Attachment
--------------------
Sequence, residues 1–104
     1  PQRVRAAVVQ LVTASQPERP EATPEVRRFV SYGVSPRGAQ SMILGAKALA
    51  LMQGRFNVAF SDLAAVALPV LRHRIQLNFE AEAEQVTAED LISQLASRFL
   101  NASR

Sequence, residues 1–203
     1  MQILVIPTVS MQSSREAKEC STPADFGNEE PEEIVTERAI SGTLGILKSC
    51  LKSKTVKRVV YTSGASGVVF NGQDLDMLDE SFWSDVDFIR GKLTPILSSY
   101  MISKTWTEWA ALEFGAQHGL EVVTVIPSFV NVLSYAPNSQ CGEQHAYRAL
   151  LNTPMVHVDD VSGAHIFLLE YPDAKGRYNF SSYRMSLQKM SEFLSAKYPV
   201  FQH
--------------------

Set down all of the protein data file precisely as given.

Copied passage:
Sequence, residues 1–104
     1  PQRVRAAVVQ LVTASQPERP EATPEVRRFV SYGVSPRGAQ SMILGAKALA
    51  LMQGRFNVAF SDLAAVALPV LRHRIQLNFE AEAEQVTAED LISQLASRFL
   101  NASR

Sequence, residues 1–203
     1  MQILVIPTVS MQSSREAKEC STPADFGNEE PEEIVTERAI SGTLGILKSC
    51  LKSKTVKRVV YTSGASGVVF NGQDLDMLDE SFWSDVDFIR GKLTPILSSY
   101  MISKTWTEWA ALEFGAQHGL EVVTVIPSFV NVLSYAPNSQ CGEQHAYRAL
   151  LNTPMVHVDD VSGAHIFLLE YPDAKGRYNF SSYRMSLQKM SEFLSAKYPV
   201  FQH